December 31, 2013.

This blog is now closed. After three years and 311 posts, I have decided to end this blog. I have enjoyed watching the films, reviewing them, and interacting with global readers.

If you are interested in contacting me, you can do so by commenting on any of the posts. The blog will remain live on the web.
Thank you to all the readers for your comments, ideas, and thoughts. They were helpful, stimulating, and enriching. This is Alene, signing off.

December 19, 2011

Love Actually (2003)

When it's over, what's not to love about Love Actually, one of my Christmas favourites.  The stories inter-weave brilliantly featuring a well-known British cast and some new faces then, who are no longer new faces today.  The soundtrack's catchy and perfectly placed within the film making me cry through the sad moments and laugh through the comedic ones.  Most of all, it's just a feel-good film that truly lasts the test of time.  Love is the obvious theme throughout the film, and Director/Writer, Richard Curtis, cleverly explores the many facets of love - how it begins,  how it ends, and sometimes, how we endure the pain.  By far, one of the best romantic comedies to deal with this theme that covers varying ages and social levels. 

My rating: 5 out of 5

December 15, 2011

Drive (2011)

When it's over, silence says a lot. There isn't much dialogue in this small independent film, especially for actor Ryan Gosling, who plays the Driver in a story about a part-time stunt performer, slash mechanic, slash getaway driver, who finds a price on his head when a heist goes sour. Gosling does a solid job without saying much. The script purposely called for a scarcity of words, which in the beginning of the film, seemed oddly strange, but Gosling manages to convey through his body language so much more than words ever could have. In many ways, the silence helps shape the Driver's personality by defining his flaws, his loneliness, and at times, his violent tendencies. I really liked the look and feel of this film. By using costumes, retro music, and set design, Danish Director, Nicolas Winding Refn, has created a stylish neo-noir film that consists of a unique blend of sleaze and corruptness in modern day Los Angeles reminiscent of cult classics such as Bullitt (1968) and To Live and Die in L.A (1985). The neon credits in the beginning and end is a nice touch and adds to the overall look of the film. There's great camerawork and editing which keeps the story on track and heightens the tension between a well casted list of characters portrayed by Carey Mulligan, Albert Brooks, Bryan Cranston, and Ron Pearlman.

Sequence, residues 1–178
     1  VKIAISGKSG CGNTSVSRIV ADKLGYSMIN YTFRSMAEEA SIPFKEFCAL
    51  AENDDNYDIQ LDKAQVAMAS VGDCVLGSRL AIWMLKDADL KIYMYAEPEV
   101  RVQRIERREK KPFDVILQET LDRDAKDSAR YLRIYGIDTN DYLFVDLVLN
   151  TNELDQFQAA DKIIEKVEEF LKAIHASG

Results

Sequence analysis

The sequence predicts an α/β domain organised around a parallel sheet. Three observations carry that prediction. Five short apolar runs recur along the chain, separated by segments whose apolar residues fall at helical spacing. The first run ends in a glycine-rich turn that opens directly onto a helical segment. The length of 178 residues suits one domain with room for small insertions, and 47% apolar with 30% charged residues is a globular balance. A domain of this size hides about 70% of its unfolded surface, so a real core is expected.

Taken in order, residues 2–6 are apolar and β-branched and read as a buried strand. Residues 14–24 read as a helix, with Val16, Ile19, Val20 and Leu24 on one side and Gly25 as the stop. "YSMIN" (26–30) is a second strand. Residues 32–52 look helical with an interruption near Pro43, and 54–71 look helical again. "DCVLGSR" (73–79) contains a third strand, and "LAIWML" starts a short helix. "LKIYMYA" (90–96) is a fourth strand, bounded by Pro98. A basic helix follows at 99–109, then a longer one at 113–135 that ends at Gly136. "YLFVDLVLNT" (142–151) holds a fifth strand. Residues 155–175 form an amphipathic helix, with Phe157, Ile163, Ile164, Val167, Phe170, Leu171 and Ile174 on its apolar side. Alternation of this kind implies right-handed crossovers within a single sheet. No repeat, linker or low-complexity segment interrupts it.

My rating : 4 out of 5

December 4, 2011

Bridesmaids (2011)

When it's over, this was one raunchy comedy that actually had some heart.  Annie's (Kristin Wiig) best friend is getting married, and although Annie's overjoyed by the prospect of her friend's happiness, she can't help but feel inadequate by her own misfortunes and another bridesmaid's attempt at stealing her role as Maid of Honour.  Although the film is a romantic comedy, and there's plenty over the top laughs, I think the film offers a lot more than meets the eye.  I think it addresses a lot of issues women struggle with in today's fast-paced world of relationships, friendships, and the allure of what money can and cannot buy.  The theme of finding Mr. Right and when you do find Mr. Right, are you willing to take a leap of faith and put yourself on the line, as Annie struggles to answer when she meets Officer Nathan Rhodes?  Or the theme of  jealousy of what you desire but do not have and the envy of other people's good fortune, as Annie and Helen struggle with.  Insecurity is another theme that underlies the film.  The insecurity of losing a best friend, the insecurity of not having any friends, and the insecurity of being left behind when you feel life isn't going the way you had expected, as each character feels in their own personal way.  I think the character of Megan (played by Melissa McCarthy) said it best when she told Annie that Annie was the creator of her own problems, and it was Annie who had the power to fix them.  Forgiveness, Acceptance, Courage round out the themes that make Bridesmaids a fun, feel-good journey. 

My rating: 3.5 out of 5